Tag Archives: astronomy

Hubble celebrates 29 years in orbit

Hubble's 29th anniversary image

Click for full image.

In celebration of the 29th anniversary of the launch of the Hubble Space Telescope, the Space Telescope Science Institute (STScI) that operates the telescope has released a new image of one of the more spectacular astronomical objects in the southern hemisphere, what astronomers have dubbed the Southern Crab Nebula. I have cropped and reduced the image slightly to post it to the right.

The nebula, officially known as Hen 2-104, is located several thousand light-years from Earth in the southern hemisphere constellation of Centaurus. It appears to have two nested hourglass-shaped structures that were sculpted by a whirling pair of stars in a binary system. The duo consists of an aging red giant star and a burned-out star, a white dwarf. The red giant is shedding its outer layers. Some of this ejected material is attracted by the gravity of the companion white dwarf.

The result is that both stars are embedded in a flat disk of gas stretching between them. This belt of material constricts the outflow of gas so that it only speeds away above and below the disk. The result is an hourglass-shaped nebula.

The bubbles of gas and dust appear brightest at the edges, giving the illusion of crab leg structures. These “legs” are likely to be the places where the outflow slams into surrounding interstellar gas and dust, or possibly material which was earlier lost by the red giant star.

The outflow may only last a few thousand years, a tiny fraction of the lifetime of the system. This means that the outer structure may be just thousands of years old, but the inner hourglass must be a more recent outflow event. The red giant will ultimately collapse to become a white dwarf. After that, the surviving pair of white dwarfs will illuminate a shell of gas called a planetary nebula.

Hubble first revealed this nebula’s shape in a photograph taken in 1999.

The telescope was initially designed for a fifteen year mission. It is about to double that, assuming its last remaining gyroscopes can hold on through next year.

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Five exoplanets discovered with orbits from 15 to 40 years long

Twenty years of observations have now resulted in the discovery of five exoplanets with long solar orbits ranging from 15 to 40 years.

“As early as 1998, a planetary monitoring programme was set up and carried out scrupulously by the many … observers [using the EULER telescope belonging to Geneva University, Switzerland,] who took turns every two weeks in La Silla [Chile] for 20 years”, says Emily Rickman. The result is remarkable: five new planets have been discovered and the orbits of four others known have been precisely defined. All these planets have periods of revolution between 15.6 and 40.4 years, with masses ranging approximately from 3 to 27 times that of Jupiter. This study contributes to increasing the list of 26 planets with a rotation period greater than 15 years.

The press release is very poorly written. It does not explain how 21 years of observations pinpointed the orbit of an exoplanet of forty years. I suspect they have seen enough of the star’s wobble to extrapolate that orbit, but the press release should have explained this.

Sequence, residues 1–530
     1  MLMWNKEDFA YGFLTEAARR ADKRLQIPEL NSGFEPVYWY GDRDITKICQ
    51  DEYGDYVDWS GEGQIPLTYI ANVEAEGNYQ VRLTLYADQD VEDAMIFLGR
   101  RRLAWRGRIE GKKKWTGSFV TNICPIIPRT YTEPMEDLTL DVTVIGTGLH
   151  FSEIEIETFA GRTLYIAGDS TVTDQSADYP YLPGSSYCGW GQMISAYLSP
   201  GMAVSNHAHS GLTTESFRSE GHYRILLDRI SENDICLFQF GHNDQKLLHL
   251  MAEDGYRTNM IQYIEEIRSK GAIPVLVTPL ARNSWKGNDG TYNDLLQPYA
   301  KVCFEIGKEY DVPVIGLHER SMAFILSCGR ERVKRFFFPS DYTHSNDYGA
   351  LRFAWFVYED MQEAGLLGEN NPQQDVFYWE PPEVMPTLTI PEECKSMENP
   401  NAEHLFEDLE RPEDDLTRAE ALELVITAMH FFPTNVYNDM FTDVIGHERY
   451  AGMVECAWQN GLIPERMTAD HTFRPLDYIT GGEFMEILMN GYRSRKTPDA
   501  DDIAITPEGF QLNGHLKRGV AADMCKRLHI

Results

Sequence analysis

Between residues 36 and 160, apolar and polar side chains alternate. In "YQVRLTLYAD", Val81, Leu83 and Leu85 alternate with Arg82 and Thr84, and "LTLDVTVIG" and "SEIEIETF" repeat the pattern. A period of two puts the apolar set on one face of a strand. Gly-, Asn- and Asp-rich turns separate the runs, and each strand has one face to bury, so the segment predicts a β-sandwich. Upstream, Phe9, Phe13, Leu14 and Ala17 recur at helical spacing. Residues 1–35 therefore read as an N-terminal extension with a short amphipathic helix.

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Did an interstellar meteor hit the Earth in 2014?

By analyzing the speed in which it traveled through the atmosphere, astronomers propose that a meteor that hit the ground in 2014 was probably an interstellar object.

The scientists analyzed the Center for Near-Earth Object Studies’ catalog of meteor events detected by U.S. government sensors. They focused on the fastest meteors, because a high speed suggests a meteor is potentially not gravitationally bound to the sun and thus may originate from outside the solar system.

The researchers identified a meteor about 3 feet (0.9 meters) wide that was detected on Jan. 8, 2014, at an altitude of 11.6 miles (18.7 kilometers) over a point near Papua New Guinea’s Manus Island in the South Pacific. Its high speed of about 134,200 mph (216,000 km/h) and its trajectory suggested it came from outside the solar system, the scientists said. “We can use the atmosphere of the Earth as the detector for these meteors, which are too small to otherwise see,” Loeb told Space.com.

The meteor’s velocity suggested it received a gravitational boost during its journey, perhaps from the deep interior of a planetary system, or a star in the thick disk of the Milky Way.

To put it mildly, there are a lot of uncertainties about this conclusion. Nonetheless, their approach and hypothesis is very intriguing, and seems logical.

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Tess finds Earth-sized planet?

Scientists using the space telescope TESS think they may have found its first Earth-sized planet.

Its host star has about 80 percent of the mass of our Sun and is found about 53 light-years distant from Earth. HD 21749b has about 23 times Earth’s mass and a radius of about 2.7 times Earth’s. Its density indicates the planet has substantial atmosphere but is not rocky, so it could potentially help astronomers understand the composition and evolution of cooler sub-Neptune planet atmospheres.